Game Pricing – WTF?
by, 07-27-2010 at 06:00 PM (975 Views)
Typically demand dictates the price of goods. I know there are other factors involved, but ultimately the consumer has to decide if a product is worth the price that it is being sold as. Most products use competitor products as a guideline for pricing its products. Rarely do you see a universal price for a particular good across several competitors and/or brands.
How many products do you know garner a set price, regardless of quality, quantity or overall value? Say you’re in the grocery store and you’re going to buy potatoes. Why would you intentionally buy a single spud for $2, when you can buy an entire bag for that same $2?
The $60 price point of games has become somewhat ridiculous to me. Maybe it’s because I consume a lot more of this “product” than I have in the past. It’s a combination of things, but mostly because as an adult, I can actually afford it, I guess. But do all games deserve that $60 price tag?
This is something I’ve thinking about for some time. There are games that deserve to be played that lose their potential for success because of how they’re priced. An example is this year’s online racer Blur. During one of those weird combinations of coupons and sales dates, I was able to pick up Blur at the bargain buster price of $10. Earlier that month, 3 separate racers were released. Blur, Split Second and ModNation Racers. I opted to go for ModNation Racers and used an Amazon coupon to bring the price down to a reasonable $45 shipped. Although I was very much interested in Blur I passed on it because there was no way I was going to pay $60 on some generic online only racing game. Turns out Blur is a fantastic racer with some unique qualities.
As much as I like Blur. $60 is a stretch for this type of game. I find it hard not to compare games when considering a purchase. And I’d find it hard to justify a $60 price tag on a game with limited lasting appeal.
How could you possibly price a game like say Splinter Cell Conviction the same as you would a game like Modern Warfare, Super Mario Galaxy ($50 BTW) or a Fallout 3? Splinter Cell Conviction’s single player campaign reportedly takes less than 8 hours to complete, while the average Modern Warfare or Halo player gets over 100 hours worth of multiplayer on top of an 8 hour single player campaign. Super Mario Galaxy took me 30 plus hours to complete and Fallout 3 have had some users play it in excess of 100 hours.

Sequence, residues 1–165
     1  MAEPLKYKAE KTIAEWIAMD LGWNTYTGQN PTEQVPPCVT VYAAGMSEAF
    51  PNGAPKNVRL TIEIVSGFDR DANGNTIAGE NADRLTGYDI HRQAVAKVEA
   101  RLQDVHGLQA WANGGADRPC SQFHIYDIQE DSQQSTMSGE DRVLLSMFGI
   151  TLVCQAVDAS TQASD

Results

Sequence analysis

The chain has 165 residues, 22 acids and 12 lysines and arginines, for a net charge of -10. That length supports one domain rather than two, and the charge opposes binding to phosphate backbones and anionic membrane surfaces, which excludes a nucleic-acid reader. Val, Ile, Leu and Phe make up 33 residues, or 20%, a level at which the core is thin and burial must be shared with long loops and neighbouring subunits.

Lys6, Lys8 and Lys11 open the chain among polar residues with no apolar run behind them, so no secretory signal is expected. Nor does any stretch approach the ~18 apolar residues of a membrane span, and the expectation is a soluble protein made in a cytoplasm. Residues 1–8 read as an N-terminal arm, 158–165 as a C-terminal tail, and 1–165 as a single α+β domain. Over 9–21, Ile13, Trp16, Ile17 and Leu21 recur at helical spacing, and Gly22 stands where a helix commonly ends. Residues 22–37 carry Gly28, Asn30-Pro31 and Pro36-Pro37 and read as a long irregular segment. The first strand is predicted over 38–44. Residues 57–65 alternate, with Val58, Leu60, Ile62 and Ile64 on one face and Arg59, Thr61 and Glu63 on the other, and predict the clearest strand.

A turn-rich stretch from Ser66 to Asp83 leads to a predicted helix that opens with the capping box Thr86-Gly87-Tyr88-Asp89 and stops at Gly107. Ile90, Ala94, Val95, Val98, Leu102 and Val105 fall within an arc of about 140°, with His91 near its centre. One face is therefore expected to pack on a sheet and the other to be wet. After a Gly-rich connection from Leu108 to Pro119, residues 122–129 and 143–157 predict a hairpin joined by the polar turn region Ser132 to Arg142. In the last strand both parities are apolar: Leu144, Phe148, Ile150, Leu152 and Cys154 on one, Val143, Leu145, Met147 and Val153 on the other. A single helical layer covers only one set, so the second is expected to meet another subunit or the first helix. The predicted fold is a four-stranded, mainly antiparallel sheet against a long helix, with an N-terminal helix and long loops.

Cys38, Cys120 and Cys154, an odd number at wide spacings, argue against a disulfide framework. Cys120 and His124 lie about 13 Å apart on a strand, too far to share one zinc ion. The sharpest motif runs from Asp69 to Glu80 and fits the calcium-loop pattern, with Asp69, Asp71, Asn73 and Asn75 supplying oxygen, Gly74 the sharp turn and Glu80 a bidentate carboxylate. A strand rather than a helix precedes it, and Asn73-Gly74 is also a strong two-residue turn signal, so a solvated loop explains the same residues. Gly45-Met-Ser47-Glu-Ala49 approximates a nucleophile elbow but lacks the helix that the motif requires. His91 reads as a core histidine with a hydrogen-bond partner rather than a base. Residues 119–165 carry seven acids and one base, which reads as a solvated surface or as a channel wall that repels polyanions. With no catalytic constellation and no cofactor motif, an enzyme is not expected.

So you look at sales figures. Blur reportedly sold 31,000 copies in its first week and has sold around 88,000 copies to date (according to VG Chartz). Alan Wake reportedly sold 145K copies in its first month of sales. Would these games have done better had they been priced accordingly? I think I might have pre ordered both Blur and Alan Wake if they’d priced it at $39. How many more people would have picked these up at that price? Eventually the price will fall on both of these games. But by then, these games will be considered a failure and old, not gaining any of the buzz or accolades that go to games who gain commercial success. Not only that, but I don’t see a Blur sequel coming anytime soon and the verdict is still out on if Remedy will consider making a sequel to Alan Wake.
I can only think of a few games that can demand a $60 price tag this generation. The majority of the games we play now are heavily based on story and most have limited replay value. I think if Publishers understood that they’d actually earn more over the long haul by pricing games accordingly, they’d be a whole lot more successful.
I heard a story somewhere once, I can’t remember exactly where but it goes something like this. There’s a bull and his son standing at the top of a valley overlooking a herd of grazing cows. The young bull looks up at his father and says: “Dad, let’s run down there and screw one of those cows!” The old and wise bull looks at his son and says: “No son, let’s not run down there and grab one. Let’s walk down there and screw them all!”
PS... If my story was a little risque I'll edit it out. Just PM me.